What chaotic party primaries mean for Kenya’s General Election

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In his regular column for Kenya’s Sunday Nation newspaper, DiA’s Nic Cheeseman reflects on the country’s chaotic and controversial party primaries, and whether they imply that the general election will see a return to the political violence of 2007/8.


ONCE AGAIN, Kenya’s party primaries have generated domestic instability and international concern.

There have been logistical difficulties, accusations that candidates close to party leaders have been rigged in, and sporadic outbreaks of violence and unrest.

As a result, voters and candidates were left deeply unhappy with the outcome of some polls, while others had to be postponed or abandoned.

The failure of parties to manage nominations raises some important questions.

Which party has come out of the primaries more damaged? What are the prospects for developing more internally democratic parties in the future?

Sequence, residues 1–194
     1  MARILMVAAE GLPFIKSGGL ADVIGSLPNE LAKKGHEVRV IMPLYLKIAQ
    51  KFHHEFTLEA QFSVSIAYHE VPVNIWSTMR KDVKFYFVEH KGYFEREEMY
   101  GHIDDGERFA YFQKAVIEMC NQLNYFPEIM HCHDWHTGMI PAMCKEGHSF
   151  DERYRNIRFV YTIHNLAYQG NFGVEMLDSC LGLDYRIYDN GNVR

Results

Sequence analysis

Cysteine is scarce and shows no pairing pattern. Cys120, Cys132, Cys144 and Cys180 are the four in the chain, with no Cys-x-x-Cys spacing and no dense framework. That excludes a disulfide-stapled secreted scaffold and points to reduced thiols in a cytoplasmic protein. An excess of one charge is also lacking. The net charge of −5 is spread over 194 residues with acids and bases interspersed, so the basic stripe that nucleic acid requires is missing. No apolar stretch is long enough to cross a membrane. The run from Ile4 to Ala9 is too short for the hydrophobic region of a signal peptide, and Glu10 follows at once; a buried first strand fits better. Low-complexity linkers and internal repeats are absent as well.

And do the problems we have seen over the last two weeks indicate that the General Election on August 8 will witness a return to the political disputes and ethnic clashes of 2007?

Many commentators have responded to these questions by arguing that the flawed primaries imply that the General Election will be violent and chaotic.

However, while it is important to be vigilant – and Kenyan elections often surprise – a more balanced analysis suggests that these prophecies of doom are likely to be wide of the mark.

Why so tense?

There are a number of reasons that party primaries in Kenya are particularly hotly contested. One is that certain positions — most notably those of MP, governor and president — promise great wealth and influence.